If a child has a cold, a spoonful of honey does wonders. However, that same spoonful of honey is not able to cure a child who has strep throat. Here’s the ugly truth about trauma: Some kids who have experienced trauma have needs far beyond what a spoonful of honey can heal. Without comprehensive and specialized treatments, these children are unlikely to benefit from yoga at school. They probably won’t even be able to successfully participate.

I cringe at the “yoga in school” headlines because they minimize the devastating, often debilitating, effects of trauma on our kids. Most people who read the articles, or just skim the headlines, will assume childhood trauma is easily treated.

Don’t get me wrong – I applaud schools incorporating yoga into their curriculum and behavior programs because it can be helpful to so many children. However, yoga cannot curb extreme behaviors caused developmental trauma. It is a far more complicated and challenging issue.

Let’s get our kids to a healthy place where they can benefit from yoga. You can help by learning how trauma effects kids and sharing our video to help raise awareness for the need for accessible, affordable, and effective treatments.

Documentary exploring the school-to-prison pipeline

The PBS documentary, The Kids We Lose, explores how discipline techniques in schools feed the school-to-prison pipeline. It effectively argues for ending punitive practices in schools, but where are the viable and realistic solutions?

One strength of the film is showing how incredibly serious (and dangerous) these behaviors can be. However, it focuses on ADHD, Dyslexia, and Autism as the underlying causes. It’s important to note that the most significant underlying cause of these school behaviors is complex trauma – with nearly half of Americas children suffering at least one adverse experience hurting kids are in every classroom.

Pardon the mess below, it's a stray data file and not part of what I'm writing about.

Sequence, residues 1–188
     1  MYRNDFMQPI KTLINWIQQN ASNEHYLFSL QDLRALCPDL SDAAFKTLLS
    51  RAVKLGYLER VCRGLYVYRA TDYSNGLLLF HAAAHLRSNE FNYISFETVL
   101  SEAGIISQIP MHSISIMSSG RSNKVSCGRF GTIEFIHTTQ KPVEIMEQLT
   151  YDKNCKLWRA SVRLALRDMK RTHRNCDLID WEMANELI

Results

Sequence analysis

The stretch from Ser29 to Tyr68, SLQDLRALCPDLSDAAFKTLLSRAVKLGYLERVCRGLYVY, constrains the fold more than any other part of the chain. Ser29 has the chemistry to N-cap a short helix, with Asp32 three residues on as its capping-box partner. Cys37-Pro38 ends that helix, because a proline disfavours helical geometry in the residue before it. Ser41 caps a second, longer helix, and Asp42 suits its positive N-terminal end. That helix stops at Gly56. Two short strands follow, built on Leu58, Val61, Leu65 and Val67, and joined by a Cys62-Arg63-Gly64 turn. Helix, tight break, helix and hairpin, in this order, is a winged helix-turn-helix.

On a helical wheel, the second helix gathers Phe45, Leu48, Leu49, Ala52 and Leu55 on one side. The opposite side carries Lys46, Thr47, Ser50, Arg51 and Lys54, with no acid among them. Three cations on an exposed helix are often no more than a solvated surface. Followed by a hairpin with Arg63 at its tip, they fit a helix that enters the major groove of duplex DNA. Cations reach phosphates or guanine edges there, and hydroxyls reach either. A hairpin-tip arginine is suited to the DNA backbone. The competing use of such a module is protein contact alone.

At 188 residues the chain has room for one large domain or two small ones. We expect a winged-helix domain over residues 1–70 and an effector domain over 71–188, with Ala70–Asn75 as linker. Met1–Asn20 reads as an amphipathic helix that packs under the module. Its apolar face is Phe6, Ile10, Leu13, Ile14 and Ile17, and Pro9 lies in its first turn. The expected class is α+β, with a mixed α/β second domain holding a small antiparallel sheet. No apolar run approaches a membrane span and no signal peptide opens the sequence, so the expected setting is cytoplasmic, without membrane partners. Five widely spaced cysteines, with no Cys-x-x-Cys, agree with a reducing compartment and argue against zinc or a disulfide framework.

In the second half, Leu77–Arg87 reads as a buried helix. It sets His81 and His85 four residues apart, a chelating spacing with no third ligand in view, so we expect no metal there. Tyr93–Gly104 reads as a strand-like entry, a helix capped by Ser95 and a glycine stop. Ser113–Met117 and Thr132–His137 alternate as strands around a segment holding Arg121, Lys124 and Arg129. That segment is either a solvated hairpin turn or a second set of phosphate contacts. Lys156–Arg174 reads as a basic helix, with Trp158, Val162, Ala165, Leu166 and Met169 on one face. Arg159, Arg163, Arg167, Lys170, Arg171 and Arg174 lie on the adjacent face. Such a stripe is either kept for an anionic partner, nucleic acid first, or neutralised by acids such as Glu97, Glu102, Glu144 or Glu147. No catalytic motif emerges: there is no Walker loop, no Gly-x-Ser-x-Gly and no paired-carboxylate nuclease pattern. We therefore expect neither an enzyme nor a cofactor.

One of the highlights of the film is Dylan, an adult man now reflecting on his behaviors as a school aged child. His problems began in 6th grade when didn’t want to do what he was told to do. “I wanted to do things my way,” he says. When discussing his interactions with law enforcement in high school, Dylan says he was rebelling and acting out because he was unhappy. However, the experts on the film don’t address this type of willful behavior. In fact, they specifically say the kids have the motivation, but not the skills to succeed.

While it’s frowned up on in our society to say – some of our kids do have serious, willful behaviors. These children likely also have emotional issues, are disregulated, and may be hyperactive. They may lack the skills they need to succeed. They may also lack motivation and be willful in their behaviors. To find real solutions that work we have to start looking at children’s needs more holistically and realistically. When we deny a child’s control over their behaviors we steal their agency and cripple their chances of sucess in the future.